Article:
Another series of books read, this time Plutarch, Greg Keyes, Dayal Patterson and Richard A. Knaak. From Ancient Rome to the Elder Scrolls and Warcraft.
Plutarch – The Fall of the Roman Republic
Yes, another book by Plutarch. This time focussing on the transferral periode from the late republic to the empire, describing the lives of Marius, Sulla, Crassus, Pompey the Great, Cesar and Cicero, who brought an end to the Republic. It’s a fascinating bit of storytelling, where Plutarch clearly shows he’s not in love with Cesar. In fact, he barely manages to keep it out of his words. Then again, none of the figures in this book appears to carry his favor, maybe Marius a little bit in most of his life. Sulla doesn’t get of lightly and Crassus looks like a buffoon. Pompey is the tragic figure in this version of events, together with Cicero I suppose.
The one life missing would be that of Cato, who opposed Cesar for as long as he could. It was a great read, that I enjoyed very much. Enough to order some more actually. What is lacking here, is the pairings with Greek lives. I’m also very curious about those and I must say I doubt the way the publishers dealt with that. All in all, it gives good insights in a highly confusing period of our ancient history.
Dayal Patterson – The Cult Never Dies: Volume 1
Dayal Patterson started something big with his first book ‘Black Metal: Evolution Of The Cult’. It was not enough, he had the desire to catalogue the entire black metal scene and its aspects, so here is the second book and first in a continuing series of looking at the blackest music genre you can find. Patterson takes a clean, journalistic approach to bands like Satyricon, Silencer and Mgla and many, many more. It opens up the scene to new investigators, without disclosing all and keeping its edge of mystery in place.
The print looks minimal, which is good. The pictures are only in black and white, which is also rather enjoyabable and fitting. Patterson illuminates specific sections in this book, like the Polish black metal scene and the SDBM scene that emerged as a progenitor of post-blackmetal. He does this by taking out pivotal bands, but also interesting marginal acts to illustrate the broader whole. A well worth read for fans of the genre and intriguees.
Greg Keyes – The Infernal City
This is the very first novel of the Elder Scrolls franchise by Bethesda (known for their game Fallout mostly, but also Skyrim). The book tells the story of a human character Annaïg and an Argonian called Glim (Lizard people) in the world of Tamriel. A strange floating city approaches and brings doom to the lands. Annaïg and Glim decide to assault this city and try to warn others of the coming doom. While being captured by the dark denizens of the city, they succeed in reaching prince Attrebus.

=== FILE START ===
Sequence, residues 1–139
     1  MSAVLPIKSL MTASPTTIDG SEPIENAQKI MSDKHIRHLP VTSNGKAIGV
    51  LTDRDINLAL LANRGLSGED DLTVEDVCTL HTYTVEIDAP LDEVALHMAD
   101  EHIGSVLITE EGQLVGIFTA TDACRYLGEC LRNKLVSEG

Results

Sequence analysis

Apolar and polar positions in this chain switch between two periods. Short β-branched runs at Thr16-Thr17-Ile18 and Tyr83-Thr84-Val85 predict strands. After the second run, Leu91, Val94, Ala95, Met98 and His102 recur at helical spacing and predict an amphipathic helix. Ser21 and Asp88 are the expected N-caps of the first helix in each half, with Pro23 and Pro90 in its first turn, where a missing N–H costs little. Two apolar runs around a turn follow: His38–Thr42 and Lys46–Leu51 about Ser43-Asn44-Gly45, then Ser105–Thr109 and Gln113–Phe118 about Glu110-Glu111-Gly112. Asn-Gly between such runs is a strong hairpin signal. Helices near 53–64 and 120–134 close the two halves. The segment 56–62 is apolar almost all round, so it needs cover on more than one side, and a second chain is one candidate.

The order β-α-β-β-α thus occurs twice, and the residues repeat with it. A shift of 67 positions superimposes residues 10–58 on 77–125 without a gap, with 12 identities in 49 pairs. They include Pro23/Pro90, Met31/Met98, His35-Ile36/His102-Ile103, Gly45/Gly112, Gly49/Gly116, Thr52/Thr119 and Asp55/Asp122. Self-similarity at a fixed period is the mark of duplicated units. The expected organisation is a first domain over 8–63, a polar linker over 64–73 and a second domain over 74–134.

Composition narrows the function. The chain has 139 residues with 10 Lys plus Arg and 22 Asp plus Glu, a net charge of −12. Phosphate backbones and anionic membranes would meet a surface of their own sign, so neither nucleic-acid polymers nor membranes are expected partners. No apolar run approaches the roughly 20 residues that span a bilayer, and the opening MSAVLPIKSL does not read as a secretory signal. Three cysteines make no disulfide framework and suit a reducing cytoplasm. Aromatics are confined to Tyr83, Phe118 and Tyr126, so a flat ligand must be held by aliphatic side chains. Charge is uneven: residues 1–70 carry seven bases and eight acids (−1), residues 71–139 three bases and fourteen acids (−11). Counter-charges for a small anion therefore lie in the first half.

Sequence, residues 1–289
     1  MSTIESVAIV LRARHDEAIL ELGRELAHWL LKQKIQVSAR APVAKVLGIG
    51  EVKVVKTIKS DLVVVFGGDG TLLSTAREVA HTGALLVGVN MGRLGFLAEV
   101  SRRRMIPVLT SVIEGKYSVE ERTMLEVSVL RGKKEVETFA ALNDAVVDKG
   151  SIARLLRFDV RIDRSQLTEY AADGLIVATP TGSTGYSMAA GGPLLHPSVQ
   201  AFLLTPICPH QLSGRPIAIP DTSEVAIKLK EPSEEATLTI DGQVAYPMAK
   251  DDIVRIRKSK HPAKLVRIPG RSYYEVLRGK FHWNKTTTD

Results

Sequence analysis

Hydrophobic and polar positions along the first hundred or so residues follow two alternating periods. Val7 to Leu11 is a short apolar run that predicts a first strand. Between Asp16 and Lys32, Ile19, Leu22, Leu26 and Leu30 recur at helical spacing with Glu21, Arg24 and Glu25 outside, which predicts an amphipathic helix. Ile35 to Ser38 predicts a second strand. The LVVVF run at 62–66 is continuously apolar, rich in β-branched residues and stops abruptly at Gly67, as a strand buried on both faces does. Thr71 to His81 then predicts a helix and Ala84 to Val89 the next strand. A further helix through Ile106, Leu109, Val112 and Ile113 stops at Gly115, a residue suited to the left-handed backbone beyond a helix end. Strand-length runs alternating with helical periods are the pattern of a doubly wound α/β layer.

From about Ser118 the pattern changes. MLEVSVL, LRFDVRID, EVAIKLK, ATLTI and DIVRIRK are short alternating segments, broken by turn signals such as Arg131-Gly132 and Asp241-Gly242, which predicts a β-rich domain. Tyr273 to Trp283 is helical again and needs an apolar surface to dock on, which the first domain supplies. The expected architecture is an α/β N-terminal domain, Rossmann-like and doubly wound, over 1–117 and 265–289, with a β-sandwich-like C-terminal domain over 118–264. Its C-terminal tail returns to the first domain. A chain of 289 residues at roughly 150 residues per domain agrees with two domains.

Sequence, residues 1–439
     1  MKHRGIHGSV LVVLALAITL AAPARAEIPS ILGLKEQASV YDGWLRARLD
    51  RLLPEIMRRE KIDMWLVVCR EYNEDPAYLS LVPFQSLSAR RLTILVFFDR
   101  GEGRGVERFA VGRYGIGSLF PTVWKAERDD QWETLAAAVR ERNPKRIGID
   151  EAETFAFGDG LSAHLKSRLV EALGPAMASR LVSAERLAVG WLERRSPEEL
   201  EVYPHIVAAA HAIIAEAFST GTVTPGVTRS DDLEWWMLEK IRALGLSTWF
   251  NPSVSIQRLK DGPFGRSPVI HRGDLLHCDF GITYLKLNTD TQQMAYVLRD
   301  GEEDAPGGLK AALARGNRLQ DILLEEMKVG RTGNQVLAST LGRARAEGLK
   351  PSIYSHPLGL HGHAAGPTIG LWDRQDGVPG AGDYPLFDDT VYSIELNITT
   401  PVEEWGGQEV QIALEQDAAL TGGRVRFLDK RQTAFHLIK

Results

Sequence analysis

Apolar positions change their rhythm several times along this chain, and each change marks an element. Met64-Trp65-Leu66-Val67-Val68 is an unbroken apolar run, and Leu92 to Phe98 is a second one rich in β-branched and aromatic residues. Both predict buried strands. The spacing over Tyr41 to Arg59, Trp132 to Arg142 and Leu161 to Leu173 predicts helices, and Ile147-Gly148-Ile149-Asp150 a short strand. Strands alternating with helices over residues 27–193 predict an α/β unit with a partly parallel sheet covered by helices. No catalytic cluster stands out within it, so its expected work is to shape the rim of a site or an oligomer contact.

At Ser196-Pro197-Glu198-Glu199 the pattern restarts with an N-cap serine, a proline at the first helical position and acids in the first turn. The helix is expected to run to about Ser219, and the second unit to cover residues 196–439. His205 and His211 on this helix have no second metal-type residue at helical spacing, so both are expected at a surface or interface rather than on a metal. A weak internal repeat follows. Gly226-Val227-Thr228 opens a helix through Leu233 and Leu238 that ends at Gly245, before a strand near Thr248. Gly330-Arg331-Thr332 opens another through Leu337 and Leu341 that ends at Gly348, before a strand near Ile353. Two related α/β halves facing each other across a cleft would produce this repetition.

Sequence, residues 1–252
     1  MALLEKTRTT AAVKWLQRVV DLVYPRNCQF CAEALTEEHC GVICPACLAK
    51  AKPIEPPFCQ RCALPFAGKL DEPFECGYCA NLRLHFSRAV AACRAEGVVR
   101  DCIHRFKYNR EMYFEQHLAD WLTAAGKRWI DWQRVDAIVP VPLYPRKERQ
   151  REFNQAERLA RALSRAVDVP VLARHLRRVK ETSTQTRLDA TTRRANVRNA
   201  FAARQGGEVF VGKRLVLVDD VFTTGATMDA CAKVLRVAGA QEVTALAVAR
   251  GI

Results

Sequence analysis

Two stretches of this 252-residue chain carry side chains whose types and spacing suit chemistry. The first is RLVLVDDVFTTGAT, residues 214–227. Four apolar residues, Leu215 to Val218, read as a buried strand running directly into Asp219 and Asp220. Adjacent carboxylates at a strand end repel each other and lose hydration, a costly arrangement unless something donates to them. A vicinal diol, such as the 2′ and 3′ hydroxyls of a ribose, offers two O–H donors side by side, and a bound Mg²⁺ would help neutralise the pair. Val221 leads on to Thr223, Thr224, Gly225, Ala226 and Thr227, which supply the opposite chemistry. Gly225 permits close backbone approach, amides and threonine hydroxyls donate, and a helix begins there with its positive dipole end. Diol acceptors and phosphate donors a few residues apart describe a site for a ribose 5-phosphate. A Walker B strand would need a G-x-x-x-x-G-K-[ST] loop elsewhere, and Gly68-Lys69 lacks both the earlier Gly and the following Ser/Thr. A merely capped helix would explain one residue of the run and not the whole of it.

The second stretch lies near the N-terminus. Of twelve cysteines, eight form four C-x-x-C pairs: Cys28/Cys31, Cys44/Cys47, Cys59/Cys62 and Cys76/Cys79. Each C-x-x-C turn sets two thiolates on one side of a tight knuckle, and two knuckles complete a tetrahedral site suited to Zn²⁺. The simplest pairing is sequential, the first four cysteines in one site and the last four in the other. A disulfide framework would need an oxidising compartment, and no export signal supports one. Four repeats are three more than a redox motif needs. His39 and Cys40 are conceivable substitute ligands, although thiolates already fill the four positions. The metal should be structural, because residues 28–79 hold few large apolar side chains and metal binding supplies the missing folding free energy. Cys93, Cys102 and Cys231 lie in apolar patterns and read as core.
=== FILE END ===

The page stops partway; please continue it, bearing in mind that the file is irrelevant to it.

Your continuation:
Another story there unfolds, with the Prince’s life being under threat and his carreer an apparent illusion to facilitate Empire propaganda. The central imperial city has little interest in helping those under attack by the floating city on the fringes of the empire (even just outside it). Attrebus sets out to carve his own destiny and to become the person he is supposed to be as a prince. The book is well written and the characters do get some background, though sometimes they are a bit foggy in personality. The work introduces the figures and peoples of the Elder Scrolls universe and thus makes for a nice read and introduction. Now I should get part two though.
Richard A. Knaak – Night of the Dragon
I felt this urge to read the only Warcraft book that was still unread on my shelves. Probably I was not up for some literary masterpiece, but the writings of Knaak for Blizzard are always fun and catchy. So I started reading this follow up to Day Of The Dragon, the very first in the novel series of Blizzard. In this book we return to the doomed mountain where the first novel took place and the same key players converge, unwittingly of eachothers whereabouts on Grim Batol. Krasus, the dragon/mage, Vareesa Windrunner and a bunch of angry dwarves.
The plot deepens, when another of the black dragon flight emerges and plans to…dare I say? Take over the world. This time the book does not involve Deathwing, but some familiar elements of his evil will return in this story. It rekindles and connects other storylines, which is always very pleasant for an afficionado of the game like myself. The series of near-death escapes is a bit too dense for my taste though, but you can’t win ’em all, can you now? Looking forward to maybe playing some more in that fabulous world of Azeroth.